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New IRS Proposals Seek To Protect Taxpayer Information

by Leroy Baker, Tax-News.com, New York

09 December 2005


The Internal Revenue Service has issued proposed guidance on the disclosure or use of tax return information by tax return preparers in an attempt to safeguard taxpayer information from identity theft and to update existing regulations which were drafted prior to the electronic storage and transmission of individual tax returns.

A key principle underlying the proposed guidance is that tax return preparers may not disclose or use tax return information for purposes other than tax return preparation without the knowing, informed and voluntary consent of the taxpayer.

The pre-existing regulations under Internal Revenue Code section 7216 were drafted in the early 1970s, prior to the advent of many of the business practices and technology uses that define the electronic preparation and transmission of tax returns by preparers.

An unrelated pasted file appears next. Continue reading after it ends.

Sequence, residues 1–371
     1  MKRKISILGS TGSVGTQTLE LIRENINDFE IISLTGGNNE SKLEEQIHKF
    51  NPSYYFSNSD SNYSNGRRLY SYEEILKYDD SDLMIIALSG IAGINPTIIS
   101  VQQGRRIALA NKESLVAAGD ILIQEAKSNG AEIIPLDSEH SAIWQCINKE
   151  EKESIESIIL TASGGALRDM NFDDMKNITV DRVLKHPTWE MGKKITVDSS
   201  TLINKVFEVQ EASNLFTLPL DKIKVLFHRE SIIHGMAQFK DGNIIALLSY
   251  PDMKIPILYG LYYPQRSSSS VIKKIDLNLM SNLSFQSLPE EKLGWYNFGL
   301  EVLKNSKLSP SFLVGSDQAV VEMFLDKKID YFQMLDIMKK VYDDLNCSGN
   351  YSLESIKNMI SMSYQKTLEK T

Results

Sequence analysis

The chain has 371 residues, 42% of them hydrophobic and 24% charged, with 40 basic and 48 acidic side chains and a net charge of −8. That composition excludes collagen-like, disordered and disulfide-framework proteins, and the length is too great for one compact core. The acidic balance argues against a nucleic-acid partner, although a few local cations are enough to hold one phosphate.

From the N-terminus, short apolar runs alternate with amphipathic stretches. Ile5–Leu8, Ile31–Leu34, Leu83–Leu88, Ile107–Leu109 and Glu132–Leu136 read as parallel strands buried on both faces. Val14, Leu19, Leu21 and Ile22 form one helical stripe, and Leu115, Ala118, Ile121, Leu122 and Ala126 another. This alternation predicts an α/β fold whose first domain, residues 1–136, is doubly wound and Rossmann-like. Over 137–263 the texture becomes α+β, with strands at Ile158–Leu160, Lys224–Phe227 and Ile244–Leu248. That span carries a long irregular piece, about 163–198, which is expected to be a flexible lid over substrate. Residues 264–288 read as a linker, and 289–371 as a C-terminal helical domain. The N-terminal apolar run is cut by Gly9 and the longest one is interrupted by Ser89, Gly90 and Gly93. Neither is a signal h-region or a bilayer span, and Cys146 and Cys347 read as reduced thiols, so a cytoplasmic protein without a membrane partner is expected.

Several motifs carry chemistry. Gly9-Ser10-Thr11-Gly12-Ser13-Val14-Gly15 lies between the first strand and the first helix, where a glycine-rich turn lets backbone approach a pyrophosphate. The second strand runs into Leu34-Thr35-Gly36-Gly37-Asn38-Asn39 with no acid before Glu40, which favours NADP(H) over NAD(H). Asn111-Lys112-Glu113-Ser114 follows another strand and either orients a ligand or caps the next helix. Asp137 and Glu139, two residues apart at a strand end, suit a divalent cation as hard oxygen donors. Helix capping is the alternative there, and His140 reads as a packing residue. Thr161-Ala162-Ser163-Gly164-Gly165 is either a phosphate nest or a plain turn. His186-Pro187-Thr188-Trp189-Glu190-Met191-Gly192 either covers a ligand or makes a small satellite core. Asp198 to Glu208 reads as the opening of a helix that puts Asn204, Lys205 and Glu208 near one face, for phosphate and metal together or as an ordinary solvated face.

The proposed regulations broaden the definitions of tax return preparer and tax return information, revise the manner and form of obtaining taxpayer consent to use or disclose tax return information and add a requirement to obtain taxpayer consent before preparers send tax return information offshore.

“Safeguarding of tax return information is critical,” said IRS Commissioner Mark W. Everson.

“It’s vital we update the preparation rules for the 21st century. Americans ought to know when their tax returns are being outsourced and prepared abroad. In particular, I want to thank Massachusetts Rep. Ed Markey and others for drawing our attention to this important issue.”

The new regulations also take into account the presence and wide-spread use of computers in tax preparation. If a tax return preparer hires contractors who will need access to tax return information to repair computers or data files, the tax return preparer must notify those contractors that they will also be subject to restrictions on their use or disclosure of tax return information.

The proposed regulations are open to public comment for 90 days after their date of publication. A public hearing on the proposed regulations has been scheduled for April 4, 2006 at 10 a.m.


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